The people with electrical backgrounds already know well how to read multimeters and their symbols but beginners and students may get confused while reading them. So this guide is basically for people who don’t know much about multimeter usage. We’ll try to cover all necessary topics to clarify to you how multimeters generate reading and how to evaluate final results.
Although reading basic multimeter functions like voltage and current doesn’t need deep technical knowledge but there are some tips and metering factors for parameters like ohms, capacitance, milli volt, and milliamps etc. With a little learning, everyone can master meter readings.
How to read a Multimeter
The first step for reading a multimeter is to understand its symbols and ranges well. You should know ac/dc difference, auto, and manual range options, and the difference between kilo, milli, mega and micro readings. Actually, it’s all about decimal setting, we get all results in form of some number and have to adjust them according to their decimal values.
Here we can take an example of millivolts, there are 1000 millivolts in 1 volt. Suppose, if we have to convert and show1 milli volt into volts then the value will be 0.0001 volts. That’s how decimal value difference works in multimeter reading.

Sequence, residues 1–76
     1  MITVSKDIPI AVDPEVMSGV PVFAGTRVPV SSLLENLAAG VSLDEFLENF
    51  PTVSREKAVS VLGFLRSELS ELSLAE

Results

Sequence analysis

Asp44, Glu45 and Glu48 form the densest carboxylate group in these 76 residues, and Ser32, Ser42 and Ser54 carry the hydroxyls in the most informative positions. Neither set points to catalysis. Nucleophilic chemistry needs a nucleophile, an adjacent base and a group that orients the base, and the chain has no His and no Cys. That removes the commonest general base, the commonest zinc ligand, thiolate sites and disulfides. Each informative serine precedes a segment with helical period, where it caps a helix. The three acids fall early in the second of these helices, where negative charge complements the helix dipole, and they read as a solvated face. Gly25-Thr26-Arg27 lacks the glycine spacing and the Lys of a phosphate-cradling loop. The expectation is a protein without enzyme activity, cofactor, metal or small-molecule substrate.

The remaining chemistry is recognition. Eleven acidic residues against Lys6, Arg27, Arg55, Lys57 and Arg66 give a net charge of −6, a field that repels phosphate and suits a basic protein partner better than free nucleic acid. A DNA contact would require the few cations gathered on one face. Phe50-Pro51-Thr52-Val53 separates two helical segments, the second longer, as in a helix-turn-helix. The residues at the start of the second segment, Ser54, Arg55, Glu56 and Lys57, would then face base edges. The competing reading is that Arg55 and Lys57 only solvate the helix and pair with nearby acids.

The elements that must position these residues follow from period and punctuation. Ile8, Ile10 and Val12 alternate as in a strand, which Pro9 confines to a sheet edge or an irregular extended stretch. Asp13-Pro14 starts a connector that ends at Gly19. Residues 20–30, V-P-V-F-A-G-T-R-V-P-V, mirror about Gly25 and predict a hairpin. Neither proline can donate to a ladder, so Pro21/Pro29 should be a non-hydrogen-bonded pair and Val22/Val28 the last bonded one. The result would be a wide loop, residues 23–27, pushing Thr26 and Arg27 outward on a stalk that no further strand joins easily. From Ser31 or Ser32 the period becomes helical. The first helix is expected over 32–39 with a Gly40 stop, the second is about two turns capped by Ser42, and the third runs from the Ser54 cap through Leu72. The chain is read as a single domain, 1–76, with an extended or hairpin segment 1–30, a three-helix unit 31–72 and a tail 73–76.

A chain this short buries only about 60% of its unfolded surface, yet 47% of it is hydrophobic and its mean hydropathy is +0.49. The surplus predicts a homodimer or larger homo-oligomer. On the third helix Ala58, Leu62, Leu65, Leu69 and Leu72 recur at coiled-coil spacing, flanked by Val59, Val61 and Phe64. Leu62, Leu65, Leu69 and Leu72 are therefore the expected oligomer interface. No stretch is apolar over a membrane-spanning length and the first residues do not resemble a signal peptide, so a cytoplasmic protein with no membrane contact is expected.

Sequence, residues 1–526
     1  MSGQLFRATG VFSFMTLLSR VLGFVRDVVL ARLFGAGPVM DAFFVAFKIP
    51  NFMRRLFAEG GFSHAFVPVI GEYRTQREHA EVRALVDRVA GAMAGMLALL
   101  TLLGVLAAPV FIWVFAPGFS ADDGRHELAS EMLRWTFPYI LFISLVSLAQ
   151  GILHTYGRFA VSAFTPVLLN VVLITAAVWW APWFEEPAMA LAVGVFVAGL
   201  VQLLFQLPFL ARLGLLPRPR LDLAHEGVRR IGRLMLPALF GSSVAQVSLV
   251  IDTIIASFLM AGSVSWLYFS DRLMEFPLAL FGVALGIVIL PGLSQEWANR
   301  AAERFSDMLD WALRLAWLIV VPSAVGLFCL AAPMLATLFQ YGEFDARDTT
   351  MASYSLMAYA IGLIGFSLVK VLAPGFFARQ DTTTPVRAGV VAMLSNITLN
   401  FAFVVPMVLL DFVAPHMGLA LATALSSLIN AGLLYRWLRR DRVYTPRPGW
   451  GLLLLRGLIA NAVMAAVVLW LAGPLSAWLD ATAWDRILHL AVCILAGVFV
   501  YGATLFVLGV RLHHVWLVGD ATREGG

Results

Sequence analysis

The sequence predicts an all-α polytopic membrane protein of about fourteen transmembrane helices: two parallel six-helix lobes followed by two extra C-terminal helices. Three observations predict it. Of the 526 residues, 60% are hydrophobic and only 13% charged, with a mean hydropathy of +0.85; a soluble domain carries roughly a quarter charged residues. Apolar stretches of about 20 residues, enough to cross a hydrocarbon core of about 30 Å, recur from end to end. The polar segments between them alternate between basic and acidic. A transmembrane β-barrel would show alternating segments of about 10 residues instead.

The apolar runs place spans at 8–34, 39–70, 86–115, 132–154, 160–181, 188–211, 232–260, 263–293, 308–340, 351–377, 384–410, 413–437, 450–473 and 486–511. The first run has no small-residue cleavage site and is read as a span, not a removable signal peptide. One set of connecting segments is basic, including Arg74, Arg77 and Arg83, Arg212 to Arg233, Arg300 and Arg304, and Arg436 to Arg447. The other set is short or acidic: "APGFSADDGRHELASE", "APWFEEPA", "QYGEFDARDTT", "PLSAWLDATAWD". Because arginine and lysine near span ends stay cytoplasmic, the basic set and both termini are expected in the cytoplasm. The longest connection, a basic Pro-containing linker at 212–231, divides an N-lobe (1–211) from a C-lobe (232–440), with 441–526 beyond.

There’s also some difference between analog and digital multimeter reading conclusions. In analog, we have to do some more effort by calculating decimal values manually while digital meters do this task automatically and provide us immediate results.
How to read Voltage on a Multimeter
Reading voltage values by a multimeter is the simplest task we all know. One only has to adjust the meter dial to ac or dc voltage according to requirement, connecting testing leads to the source and seeing result on display.
For voltage multimeter will show values like 400 v ac , 210 v dc , 12v dc etc. Just remember one thing here that always set multimeter on a higher range than the values you are measuring.
How to read current/amps on Multimeter
Digital multimeters usually come with a lower range of current measurement from 10A to 20A. For large current digital clamp meters are the best devices because they provide safety and accuracy at their best. Readings amps in dmm are simple, result come with a symbol of ac and dc that means amperes.
Some multimeters have a resolution of milli and micro amps denoted by ma and µa respectively. 1 amp is equal to 1000 milli amps and 1000000 micro amps. If one wants to test a lower value of current then adjust the meter on milli or micro range setting.
How to read resistance value on the Multimeter
Reading an ohms value on a multimeter is little bit tricky due to large resistors values and more range availability. First step of testing a resistor is to conclude the resistor value manually by coding method if we don’t know its actual rating. Suppose if value is 870 ohms, now set the multimeter to a higher value range than 870.